Question:

Why would you prefer to use an empty struct{}? Provide some examples of the good use of the empty struct{}.

Answer:

You would use an empty struct when you would want to save some memory. Empty structs do not take any memory for its value.

a := struct{}{}
println(unsafe.Sizeof(a))
// Output: 0

This saving is usually insignificant and is dependent on the size of the slice or a map. Although, more important use of an empty struct is to show a reader you do not need a value at all. Its purpose in most cases is mainly informational. Here are a few examples where it can be useful:

  • When implementing a data set:
set := make(map[string]struct{})
for _, value := range []string{"apple", "orange", "apple"} {
   set[value] = struct{}{}
}
fmt.Println(set)
// Output: map[orange:{} apple:{}]
  • With the seen hash, like when traversing a graph:
seen := make(map[string]struct{})
for _, ok := seen[v]; ok {
    // First time visiting a vertex.
    seen[v] = struct{}{}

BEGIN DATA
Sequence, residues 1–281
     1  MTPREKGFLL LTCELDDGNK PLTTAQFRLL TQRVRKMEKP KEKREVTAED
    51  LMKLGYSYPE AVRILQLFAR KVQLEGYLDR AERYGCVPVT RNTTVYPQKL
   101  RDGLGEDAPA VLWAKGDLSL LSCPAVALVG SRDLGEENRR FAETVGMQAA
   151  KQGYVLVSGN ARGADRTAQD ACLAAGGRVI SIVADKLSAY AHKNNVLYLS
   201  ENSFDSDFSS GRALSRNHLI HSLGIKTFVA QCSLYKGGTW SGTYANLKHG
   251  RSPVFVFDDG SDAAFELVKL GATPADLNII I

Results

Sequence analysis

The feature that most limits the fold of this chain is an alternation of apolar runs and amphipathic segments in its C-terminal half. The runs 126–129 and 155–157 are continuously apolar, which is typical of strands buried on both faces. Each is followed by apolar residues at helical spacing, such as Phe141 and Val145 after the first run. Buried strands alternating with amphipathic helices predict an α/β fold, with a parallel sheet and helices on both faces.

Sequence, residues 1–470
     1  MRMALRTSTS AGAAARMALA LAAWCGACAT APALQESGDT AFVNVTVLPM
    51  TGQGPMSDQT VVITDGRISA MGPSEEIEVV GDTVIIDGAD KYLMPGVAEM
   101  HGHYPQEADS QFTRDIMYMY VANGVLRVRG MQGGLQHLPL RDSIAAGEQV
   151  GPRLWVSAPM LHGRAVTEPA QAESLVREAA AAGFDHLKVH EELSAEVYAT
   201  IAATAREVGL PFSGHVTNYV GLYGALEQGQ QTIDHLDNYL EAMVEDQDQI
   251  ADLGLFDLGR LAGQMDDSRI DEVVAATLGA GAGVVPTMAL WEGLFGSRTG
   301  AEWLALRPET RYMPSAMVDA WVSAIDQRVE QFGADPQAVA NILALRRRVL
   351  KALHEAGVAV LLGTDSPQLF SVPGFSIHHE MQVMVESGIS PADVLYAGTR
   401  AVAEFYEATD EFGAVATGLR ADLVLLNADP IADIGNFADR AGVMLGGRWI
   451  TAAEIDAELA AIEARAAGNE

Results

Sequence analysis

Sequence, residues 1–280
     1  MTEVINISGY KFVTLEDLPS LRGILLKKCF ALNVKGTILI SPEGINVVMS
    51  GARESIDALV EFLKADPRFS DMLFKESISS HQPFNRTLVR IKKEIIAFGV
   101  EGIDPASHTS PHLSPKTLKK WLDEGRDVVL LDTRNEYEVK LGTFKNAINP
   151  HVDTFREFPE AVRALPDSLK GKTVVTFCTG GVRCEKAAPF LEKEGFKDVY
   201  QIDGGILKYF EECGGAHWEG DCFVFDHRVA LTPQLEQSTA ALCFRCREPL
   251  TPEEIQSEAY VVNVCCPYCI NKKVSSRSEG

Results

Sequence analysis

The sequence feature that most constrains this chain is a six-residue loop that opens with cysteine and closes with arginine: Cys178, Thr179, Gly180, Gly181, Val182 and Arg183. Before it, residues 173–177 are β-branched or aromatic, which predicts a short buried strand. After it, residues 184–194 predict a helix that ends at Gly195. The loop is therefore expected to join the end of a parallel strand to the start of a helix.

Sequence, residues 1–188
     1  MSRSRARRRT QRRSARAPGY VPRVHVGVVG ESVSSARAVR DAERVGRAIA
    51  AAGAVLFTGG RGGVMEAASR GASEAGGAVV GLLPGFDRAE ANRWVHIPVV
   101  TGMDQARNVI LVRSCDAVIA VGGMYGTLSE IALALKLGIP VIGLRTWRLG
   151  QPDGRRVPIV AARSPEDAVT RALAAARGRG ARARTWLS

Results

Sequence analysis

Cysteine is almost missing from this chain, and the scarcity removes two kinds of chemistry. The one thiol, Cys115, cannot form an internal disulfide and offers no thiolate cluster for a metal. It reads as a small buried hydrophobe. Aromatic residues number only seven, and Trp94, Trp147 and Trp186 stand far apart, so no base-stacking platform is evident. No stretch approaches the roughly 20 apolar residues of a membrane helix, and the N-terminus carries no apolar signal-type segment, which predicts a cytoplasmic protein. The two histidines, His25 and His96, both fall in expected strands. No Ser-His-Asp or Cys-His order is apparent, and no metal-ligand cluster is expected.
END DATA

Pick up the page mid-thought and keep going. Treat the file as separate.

}
  • When building an object, and only being interested in a grouping of methods and no intermediary data, or when you do not plan to retain the object state. In the example below it does not make a difference whether the method is called on the same (case #1) or on two different objects (case #2):
type Lamp struct{}

func (l Lamp) On() {
        println("On")

}
func (l Lamp) Off() {
        println("Off")
}

func main() {
       	// Case #1.
       	var lamp Lamp
       	lamp.On()
       	lamp.Off()
       	// Output:
       	// on
       	// off
	
       	// Case #2.
       	Lamp{}.On()
       	Lamp{}.Off()
       	// Output: 
       	// on
       	// off
}
  • When you need a channel to signal an event, but do not really need to send any data. This event is also not the last one in the sequence, in which case you would use the close(ch) built-in function.
func worker(ch chan struct{}) {
	// Receive a message from the main program.
	<-ch
	println("roger")
	
	// Send a message to the main program.
	close(ch)
}

func main() {
	ch := make(chan struct{})
	go worker(ch)
	
	// Send a message to a worker.
	ch <- struct{}{}
	
	// Receive a message from the worker.
	<-ch
	println(“roger")
	// Output:
	// roger
	// roger
}

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